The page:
The result of a neurological disorder that affects the functioning of the brain, the symptoms and characteristics of ASD can present themselves in a variety of combinations from mild to severe.
Parents may hear different terms used to describe children within this spectrum. The diagnosis of ASD now applies to many previously accepted terms such as autistic, autistic tendencies, Asperger Syndrome, Pervasive Developmental Disorder, and PDD-NOS.
Every person with ASD is an individual who has a unique personality, strengths and needs. Communication challenges are often an area of great concern as so much of our daily interaction with our environment depends on appropriate conversational and social skills. People with ASD often communicate differently and sometimes appear to struggle to maintain social boundaries and standards. This does not mean that persons with Autism Spectrum Disorder are not social, but instead they often navigate social interaction differently.
The range of severity applies to each symptom of ASD. That is, some children may rarely use words to communicate, while others may be extremely verbal with advanced vocabulary. Some children may not like to be hugged or touched, while others seek out and enjoy physical touch. ASD is found in all ethnicities, races, and countries, and occurs in more boys than girls.
People with ASD process and respond to information in unique ways. In some cases, challenging behaviors may be present. Many children and adults with ASD have indicated that their sensory-nervous systems operate differently. Their senses may be over, or under, active resulting in different reactions to things they see taste, touch and hear.
Individuals with Autism Spectrum Disorder may demonstrate some of the following behaviors:
- have trouble understanding other people’s feelings or talking about their own feelings
- prefer not to be held or cuddled or might cuddle only when they prefer
- appear to be unaware when other people talk to them but respond to other sounds
- absence of showing and pointing at objects of interest (point at an airplane flying over)
- have trouble relating to others or not have an interest in other people at all
- fail to look at objects when another person points at them
- absence of “pretend” play (pretend to “feed” a doll)
- avoid eye contact and want to be alone
- repeat or echo words or phrases said to them, or repeat words or phrases in place of normal language (echolalia)
- have trouble expressing their needs using typical words or motions
- have unusual reactions to the way things smell, taste, look, feel, or sound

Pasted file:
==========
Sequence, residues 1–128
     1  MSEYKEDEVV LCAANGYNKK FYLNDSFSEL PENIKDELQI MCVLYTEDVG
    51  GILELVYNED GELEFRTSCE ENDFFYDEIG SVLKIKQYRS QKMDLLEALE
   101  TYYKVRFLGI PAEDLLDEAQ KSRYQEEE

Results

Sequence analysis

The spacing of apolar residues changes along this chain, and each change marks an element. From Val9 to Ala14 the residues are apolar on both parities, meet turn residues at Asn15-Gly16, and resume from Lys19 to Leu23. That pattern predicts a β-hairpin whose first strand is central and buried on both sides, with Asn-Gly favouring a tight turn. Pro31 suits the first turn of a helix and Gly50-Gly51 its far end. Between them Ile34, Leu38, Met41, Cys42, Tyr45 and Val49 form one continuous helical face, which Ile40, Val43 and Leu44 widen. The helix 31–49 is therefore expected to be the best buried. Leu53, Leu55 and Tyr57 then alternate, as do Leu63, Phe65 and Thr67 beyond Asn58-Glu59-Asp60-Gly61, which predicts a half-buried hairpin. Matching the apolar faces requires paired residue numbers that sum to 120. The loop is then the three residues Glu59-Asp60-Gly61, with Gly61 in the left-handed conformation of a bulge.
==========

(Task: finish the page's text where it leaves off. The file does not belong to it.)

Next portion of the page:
- lose skills they once had (for instance, stop saying words they were using)
- be very interested in people, but not know how to talk, play, or relate to them
- repeat actions over and over again
- show a strong preference for following their own interests
- have trouble adapting when a routine changes
Diagnosing Autism Spectrum Disorder
There are no medical tests for diagnosing ASD. Accurate diagnosis is based on observation of the individual’s social-communication skills, behavior and developmental levels by professional psychologists, physicians, psychiatrists or neurologists. These professionals may order various tests to rule out or identify other possible causes for the symptoms being exhibited.
Information from parents and other caregivers such as a developmental history is very important in making an accurate assessment. It is important to distinguish ASD from other conditions, as appropriate treatment intervention as early as possible can provide the basis for building an appropriate and effective educational and treatment program.
Early Warning Signs of Autism Spectrum Disorder
The National Institute of Child Health and Human Development (NICHD) lists these five behaviors that signal further evaluation should be sought.
- Child does not babble or coo by 12 months
- Child does not gesture (point, wave, grasp) by 12 months
- Child does not say single words by 16 months
- Child does not say two-word phrases on his or her own by 24 months
- Child exhibits a loss or does not progress in their language or social skills.
If your child demonstrates any of these five characteristics it does not mean that your child has ASD. Because the characteristics of this disorder vary widely, your child should be evaluated further.
Experts agree that early behavioral intervention is important in addressing the symptoms associated with ASD. The earlier the treatment is started, the better the opportunity for the child to reach his or her full potential. Services for a child as young as 18 months can be provided, and may continue throughout the individual’s life. It is important to match the child’s individual needs with potential treatments or strategies likely to be effective. The basis for selecting a treatment approach should be a thorough assessment of the child’s particular skills, abilities and needs. Most professionals agree that people with ASD respond well to highly structured special education programs designed to meet the individual’s needs. Based on the major characteristics associated with ASD, areas that are important to look at when creating a plan include social development, communication, behavior and adaptive skills.